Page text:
Are they one and the same?
If there’s one thing in common with implantation bleeding and a period, there’s some blood involved. But these two issues are not the same. Implantation bleeding sometimes happens when a fertilized egg, called an embryo, nestles in the uterine lining. As the embryo finds a comfortable place, tiny blood vessels may get damaged or dislodged. This can cause light bleeding. During the menstrual cycle, the body prepares for pregnancy by thickening the uterine lining. If pregnancy does not happen, the lining sheds, and the process starts again.
Timing is everything
There are a few signs to help tell the difference between implantation bleeding and a period. By gauging the timing of sex, some women can tell if the spotting is a sign of pregnancy. With implantation bleeding, the timing is usually 7-9 days after ovulation. Periods happen a bit later, about 14 days after ovulation. Implantation bleeding also lasts from a few hours to about 3 days. Periods, on the other hand, can last up to 7 days. Timing is often a good gauge, but there are more obvious signs.
Look at the color and flow
What is the color of the blood? Implantation often presents as a light pink to brown color, which is a sign of oxidation. Periods, however, will change to a bright red color. More importantly, check for the type of blood flow. Implantation bleeding is light spotting that happens intermittently. This can even go unnoticed, except when wiping. Some women may notice the spotting on panty liners. Periods will start lightly but can go into a full flow. If the blood clots and fills up a tampon or pad, chances are this is not implantation bleeding.
Comparing other symptoms
For women that are still unsure, look for other subtle symptoms. With implantation bleeding, for instance, some women feel light cramping. Cramps from periods, however, are notoriously intense and can last hours or days. Other symptoms that accompany implantation bleeding include tender breasts, nausea, headaches, and mood swings. These symptoms are similar to period signs as well, so be careful not to rule them out.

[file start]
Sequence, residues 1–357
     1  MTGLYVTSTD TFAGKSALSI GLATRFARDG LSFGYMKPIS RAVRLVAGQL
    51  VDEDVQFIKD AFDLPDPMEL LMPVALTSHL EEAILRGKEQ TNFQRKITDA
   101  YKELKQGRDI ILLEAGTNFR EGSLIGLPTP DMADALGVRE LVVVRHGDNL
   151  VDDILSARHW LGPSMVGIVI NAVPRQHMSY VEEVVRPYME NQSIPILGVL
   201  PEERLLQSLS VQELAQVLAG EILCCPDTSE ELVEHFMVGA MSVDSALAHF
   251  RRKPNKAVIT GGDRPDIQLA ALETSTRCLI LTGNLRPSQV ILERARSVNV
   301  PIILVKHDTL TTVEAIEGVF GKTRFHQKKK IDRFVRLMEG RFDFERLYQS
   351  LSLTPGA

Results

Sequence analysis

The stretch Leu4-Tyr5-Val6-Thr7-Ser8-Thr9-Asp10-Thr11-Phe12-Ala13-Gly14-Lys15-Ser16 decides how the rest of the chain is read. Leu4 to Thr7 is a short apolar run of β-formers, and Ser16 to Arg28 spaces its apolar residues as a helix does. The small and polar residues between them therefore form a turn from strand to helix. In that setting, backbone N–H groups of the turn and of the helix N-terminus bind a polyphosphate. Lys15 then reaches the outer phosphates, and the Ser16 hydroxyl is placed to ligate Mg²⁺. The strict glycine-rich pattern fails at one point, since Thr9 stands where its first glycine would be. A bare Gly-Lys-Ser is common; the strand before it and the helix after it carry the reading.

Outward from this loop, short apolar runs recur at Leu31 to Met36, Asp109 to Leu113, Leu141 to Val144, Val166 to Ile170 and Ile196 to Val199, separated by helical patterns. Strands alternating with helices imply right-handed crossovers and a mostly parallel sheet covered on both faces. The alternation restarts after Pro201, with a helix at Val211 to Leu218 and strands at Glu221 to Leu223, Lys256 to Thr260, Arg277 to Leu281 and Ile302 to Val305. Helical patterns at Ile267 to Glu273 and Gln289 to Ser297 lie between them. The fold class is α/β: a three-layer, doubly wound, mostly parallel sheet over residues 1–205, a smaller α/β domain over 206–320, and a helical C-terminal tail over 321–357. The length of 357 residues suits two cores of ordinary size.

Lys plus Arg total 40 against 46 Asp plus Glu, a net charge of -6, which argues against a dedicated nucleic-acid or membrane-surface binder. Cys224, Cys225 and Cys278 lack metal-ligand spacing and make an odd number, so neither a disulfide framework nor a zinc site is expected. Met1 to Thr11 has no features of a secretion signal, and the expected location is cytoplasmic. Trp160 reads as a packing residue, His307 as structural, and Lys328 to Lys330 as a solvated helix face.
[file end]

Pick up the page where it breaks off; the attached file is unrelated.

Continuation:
When all else fails
Unfortunately, these signs alone are not a foolproof way of determining pregnancy or a period. Each woman’s body is different and can present other symptoms. A pregnancy test is the most accurate way to tell if a baby is on the way. Take the test at least one day after a missed period. While these tests are correct, the only way to tell before is through a doctor’s visit. The doctor can administer a blood test as early as 7 days after ovulation.
Your next step
Implantation bleeding and menstrual bleeding have as many differences as similarities. The most significant differences include flow and duration of flow. One can agree that implantation bleeding is a sign of potential pregnancy but can go unnoticed. If bleeding continues after confirming the pregnancy, make sure to see a healthcare provider right away.
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